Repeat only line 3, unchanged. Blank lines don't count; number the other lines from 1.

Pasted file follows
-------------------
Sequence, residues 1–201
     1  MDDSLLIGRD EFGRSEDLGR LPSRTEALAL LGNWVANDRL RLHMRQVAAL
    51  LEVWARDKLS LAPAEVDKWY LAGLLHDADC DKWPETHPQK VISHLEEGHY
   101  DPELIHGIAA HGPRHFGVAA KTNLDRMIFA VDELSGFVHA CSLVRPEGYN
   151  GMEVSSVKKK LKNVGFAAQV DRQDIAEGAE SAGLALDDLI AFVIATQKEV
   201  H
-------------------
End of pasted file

    51  LEVWARDKLS LAPAEVDKWY LAGLLHDADC DKWPETHPQK VISHLEEGHY